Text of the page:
Consider David Burliuk a pioneer of the ‘paparazzi stroll’. The self-proclaimed ‘Father of Russian Futurism’ is perhaps best known as a co-author of the fiery 1912 manifesto, ‘A Slap in the Face of Public Taste’, which advocated ridding society of its ‘filthy stigmas of “common sense” and “good taste”’. Burliuk attempted this through a series of guerilla gestures meant to signal a programmatic rejection of societal norms. In the days before Burliuk’s proto-futurist group, the Knave of Diamonds, held public debates, the artist would drum up publicity by leading other members down Kuznetsky Most – then, as now, one of Moscow’s chicest streets – with wooden spoons tucked brazenly into their lapels. While decidedly inconsequential in form, the staged fashion faux pas was just enough to rile its audience.
A century later, Burliuk’s micro-provocations find resonance in ‘Detail is All’, a group exhibition that valorizes minor disruptions of conventional behaviour. The show brings together nine contemporary artists who wield their own respective wooden spoons. Curated by Stefanie Böttcher, the gestures collected here hover between public and publicity. Many of the works specifically operate on the level of pranks or viral videos, a format of performed public disobedience that co-opts social intervention into entertainment. For instance, the guerrilla makeovers of unsuspecting parked vehicles documented in Ahmet Ög˘üt’s slideshow Somebody Else’s Car (2005) recall the antics of TV programmes like Punk’d or Candid Camera. Meanwhile, Klara Lidén’s Paralyzed (2003) – a three-minute video in which the artist erupts into a near-Delphic state on the Berlin U-bahn – plays out like a one-person flash mob.
Samson Kambalu tweaks the tropes of the viral video in his ‘Nyau Cinema’ (2012–ongoing), a body of short films based on site-specific performances created according to a set of rules determined by the artist. Emphatically lo-fi and improvisational, the films adopt the anachronistic aesthetic of overexposed black and white film, with rough cuts that suggest Buster Keaton in league with the situationists. The 12 films in Kambalu’s installation Metropolitan (2016) forge links with the show’s older works. Most obviously, Kambalu’s Pickpocket (2013) echoes Vito Acconci’s similarly rule-driven Following (1969–ongoing), but there is also correspondence between films like Cathedral (2016), which shows Kambalu mysteriously striding through a cathedral’s brick facade, and Neša Paripović’s N.P. 1977 (1977), in which the artist courses through the city of Belgrade in a burgundy coat and flared pants, impervious to whatever obstacles might lie in his path – flower beds, highways or apartment buildings. If Kambalu passes through the spaces of his films via the blatant manipulation of the medium, Paripović hurls himself through with physical effort, shimmying down drainpipes or flinging himself over picket fences. After each obstacle is cleared, the artist dusts off his jacket and continues, seemingly oblivious to the stupefied crowds in his wake.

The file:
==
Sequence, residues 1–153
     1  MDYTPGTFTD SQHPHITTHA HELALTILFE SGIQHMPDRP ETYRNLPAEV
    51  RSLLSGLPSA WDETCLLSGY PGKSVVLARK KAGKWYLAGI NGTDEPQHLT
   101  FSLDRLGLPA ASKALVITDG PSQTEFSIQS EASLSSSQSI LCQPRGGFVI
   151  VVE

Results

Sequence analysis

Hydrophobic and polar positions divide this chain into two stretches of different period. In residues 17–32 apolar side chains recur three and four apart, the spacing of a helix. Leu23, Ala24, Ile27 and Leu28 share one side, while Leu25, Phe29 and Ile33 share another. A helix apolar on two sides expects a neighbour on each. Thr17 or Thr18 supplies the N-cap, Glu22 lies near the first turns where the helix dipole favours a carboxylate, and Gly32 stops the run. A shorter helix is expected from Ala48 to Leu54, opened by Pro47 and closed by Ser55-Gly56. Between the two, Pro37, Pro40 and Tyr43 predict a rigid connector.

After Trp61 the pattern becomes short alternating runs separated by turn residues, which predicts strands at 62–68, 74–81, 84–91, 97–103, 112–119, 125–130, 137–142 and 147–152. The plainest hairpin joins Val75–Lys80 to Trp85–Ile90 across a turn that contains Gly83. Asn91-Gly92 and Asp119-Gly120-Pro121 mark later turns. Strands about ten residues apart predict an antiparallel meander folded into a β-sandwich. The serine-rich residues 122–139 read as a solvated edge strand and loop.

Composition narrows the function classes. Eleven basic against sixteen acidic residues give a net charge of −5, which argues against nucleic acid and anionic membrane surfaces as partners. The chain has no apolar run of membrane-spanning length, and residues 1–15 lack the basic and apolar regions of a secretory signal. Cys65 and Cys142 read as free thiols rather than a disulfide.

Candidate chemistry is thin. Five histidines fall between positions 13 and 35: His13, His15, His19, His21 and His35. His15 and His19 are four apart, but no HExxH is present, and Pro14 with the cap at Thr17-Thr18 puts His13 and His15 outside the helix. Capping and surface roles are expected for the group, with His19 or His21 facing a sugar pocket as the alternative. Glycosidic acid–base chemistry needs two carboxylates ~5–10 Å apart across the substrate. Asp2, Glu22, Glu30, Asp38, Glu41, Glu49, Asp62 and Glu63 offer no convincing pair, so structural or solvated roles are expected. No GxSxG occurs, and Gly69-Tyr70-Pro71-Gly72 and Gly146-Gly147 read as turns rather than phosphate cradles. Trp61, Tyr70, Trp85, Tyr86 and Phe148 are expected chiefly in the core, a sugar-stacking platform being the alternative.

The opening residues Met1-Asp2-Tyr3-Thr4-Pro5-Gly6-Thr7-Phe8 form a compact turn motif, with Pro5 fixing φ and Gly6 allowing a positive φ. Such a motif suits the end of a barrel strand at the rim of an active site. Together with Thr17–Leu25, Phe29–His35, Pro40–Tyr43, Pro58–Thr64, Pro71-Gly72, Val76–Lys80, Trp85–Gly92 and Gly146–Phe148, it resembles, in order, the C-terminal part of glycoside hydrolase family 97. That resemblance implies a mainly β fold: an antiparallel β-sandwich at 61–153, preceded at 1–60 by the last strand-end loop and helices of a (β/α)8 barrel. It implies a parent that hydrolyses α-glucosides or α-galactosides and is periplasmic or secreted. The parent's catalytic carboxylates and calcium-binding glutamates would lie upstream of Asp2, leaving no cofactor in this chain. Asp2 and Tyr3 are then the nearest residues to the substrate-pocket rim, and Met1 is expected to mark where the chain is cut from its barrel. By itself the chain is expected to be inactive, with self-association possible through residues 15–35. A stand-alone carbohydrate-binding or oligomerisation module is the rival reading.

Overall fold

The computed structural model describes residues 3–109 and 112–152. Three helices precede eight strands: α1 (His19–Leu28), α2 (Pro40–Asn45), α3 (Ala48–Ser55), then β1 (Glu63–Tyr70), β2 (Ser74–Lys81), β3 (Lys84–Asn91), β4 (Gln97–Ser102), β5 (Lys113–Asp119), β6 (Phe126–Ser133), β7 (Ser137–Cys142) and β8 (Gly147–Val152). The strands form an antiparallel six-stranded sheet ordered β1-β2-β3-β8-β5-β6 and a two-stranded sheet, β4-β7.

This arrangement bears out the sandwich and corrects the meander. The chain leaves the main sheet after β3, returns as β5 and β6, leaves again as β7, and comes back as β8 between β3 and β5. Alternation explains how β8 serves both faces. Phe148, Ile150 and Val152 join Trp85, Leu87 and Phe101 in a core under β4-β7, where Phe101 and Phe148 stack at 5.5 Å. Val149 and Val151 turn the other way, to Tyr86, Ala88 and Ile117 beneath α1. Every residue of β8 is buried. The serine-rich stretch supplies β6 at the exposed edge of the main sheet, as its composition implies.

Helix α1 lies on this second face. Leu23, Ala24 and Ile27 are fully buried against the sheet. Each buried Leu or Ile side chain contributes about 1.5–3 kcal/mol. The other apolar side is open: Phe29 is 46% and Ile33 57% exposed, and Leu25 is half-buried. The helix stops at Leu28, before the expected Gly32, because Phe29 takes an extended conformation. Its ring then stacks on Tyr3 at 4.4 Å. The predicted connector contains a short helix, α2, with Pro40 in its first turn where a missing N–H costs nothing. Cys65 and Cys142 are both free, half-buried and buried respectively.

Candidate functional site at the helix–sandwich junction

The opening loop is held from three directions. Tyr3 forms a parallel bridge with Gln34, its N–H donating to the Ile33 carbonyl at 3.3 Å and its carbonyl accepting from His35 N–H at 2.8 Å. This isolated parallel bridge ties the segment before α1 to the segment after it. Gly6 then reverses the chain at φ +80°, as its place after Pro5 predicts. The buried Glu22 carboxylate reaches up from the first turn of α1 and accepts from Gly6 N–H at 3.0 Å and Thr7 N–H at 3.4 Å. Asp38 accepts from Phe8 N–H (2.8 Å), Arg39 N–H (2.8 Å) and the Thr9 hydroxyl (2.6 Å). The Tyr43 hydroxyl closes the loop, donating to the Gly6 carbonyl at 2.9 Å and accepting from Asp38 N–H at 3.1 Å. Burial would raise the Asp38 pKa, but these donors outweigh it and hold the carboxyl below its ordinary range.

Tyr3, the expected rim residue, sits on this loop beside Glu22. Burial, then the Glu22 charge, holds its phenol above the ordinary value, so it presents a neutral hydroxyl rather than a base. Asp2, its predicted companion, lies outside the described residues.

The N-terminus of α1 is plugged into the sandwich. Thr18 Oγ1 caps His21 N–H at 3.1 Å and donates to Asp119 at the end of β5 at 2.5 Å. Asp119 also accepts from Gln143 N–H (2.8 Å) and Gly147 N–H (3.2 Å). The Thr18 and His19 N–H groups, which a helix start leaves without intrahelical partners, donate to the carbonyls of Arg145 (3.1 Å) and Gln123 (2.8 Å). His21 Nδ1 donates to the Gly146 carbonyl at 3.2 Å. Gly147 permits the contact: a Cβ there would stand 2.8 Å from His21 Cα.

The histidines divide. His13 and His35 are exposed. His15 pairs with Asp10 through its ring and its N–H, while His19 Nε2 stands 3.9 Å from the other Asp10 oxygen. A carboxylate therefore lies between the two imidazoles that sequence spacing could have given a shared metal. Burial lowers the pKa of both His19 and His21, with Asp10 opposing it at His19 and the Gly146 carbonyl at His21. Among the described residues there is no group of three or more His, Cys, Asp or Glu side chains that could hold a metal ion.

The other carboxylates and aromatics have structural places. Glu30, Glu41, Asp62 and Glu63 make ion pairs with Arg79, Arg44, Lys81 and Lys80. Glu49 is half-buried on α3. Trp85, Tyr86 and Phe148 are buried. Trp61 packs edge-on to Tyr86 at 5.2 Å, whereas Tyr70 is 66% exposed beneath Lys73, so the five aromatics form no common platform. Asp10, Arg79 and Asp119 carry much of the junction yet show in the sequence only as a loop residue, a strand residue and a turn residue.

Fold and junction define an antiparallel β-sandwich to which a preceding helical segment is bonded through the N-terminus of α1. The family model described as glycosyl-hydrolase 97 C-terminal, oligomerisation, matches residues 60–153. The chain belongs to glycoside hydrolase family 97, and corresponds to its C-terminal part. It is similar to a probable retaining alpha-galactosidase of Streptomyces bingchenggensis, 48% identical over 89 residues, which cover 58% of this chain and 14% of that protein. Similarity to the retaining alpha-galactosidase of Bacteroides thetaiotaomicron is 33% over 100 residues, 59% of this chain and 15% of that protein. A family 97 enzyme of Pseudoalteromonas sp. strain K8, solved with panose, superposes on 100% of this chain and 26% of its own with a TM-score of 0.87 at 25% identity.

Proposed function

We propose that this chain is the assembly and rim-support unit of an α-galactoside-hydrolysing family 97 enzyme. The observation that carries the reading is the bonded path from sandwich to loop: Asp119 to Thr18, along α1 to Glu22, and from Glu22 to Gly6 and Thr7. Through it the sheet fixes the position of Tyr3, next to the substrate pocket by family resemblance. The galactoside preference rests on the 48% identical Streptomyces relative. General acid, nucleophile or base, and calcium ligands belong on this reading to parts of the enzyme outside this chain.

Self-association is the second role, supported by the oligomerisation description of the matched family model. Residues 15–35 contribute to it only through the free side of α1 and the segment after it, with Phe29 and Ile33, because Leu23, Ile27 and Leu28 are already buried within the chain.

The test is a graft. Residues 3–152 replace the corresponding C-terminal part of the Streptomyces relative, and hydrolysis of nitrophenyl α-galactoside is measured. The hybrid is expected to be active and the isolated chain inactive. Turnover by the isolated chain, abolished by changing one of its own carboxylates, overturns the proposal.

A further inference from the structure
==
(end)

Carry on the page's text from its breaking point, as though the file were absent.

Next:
While Paripović’s disregard for private property manages to tug at a small thread of the social fabric, the true tear comes with Pilvi Takala’s Bag Lady (2006). The slide show excerpts a week-long performance for which the artist drifted through a Berlin shopping centre with a clear plastic bag full of cash. Malls, as Walter Benjamin famously observed, are spectacles of conspicuous consumption, but the transactions within them require their mechanism – money – to remain explicitly inconspicuous. As Takala makes her way through the stores, trying on trousers and hanging out in the food court, she is shunned by sales clerks, questioned by security officers and repeatedly offered more discreet bags by concerned fellow shoppers. If selfie culture has helped normalize acts of exhibitionism or deviant behaviour in public, Takala reveals that social spaces still have entry points for intervention, and that public taste can still feel the sting of a well-placed slap.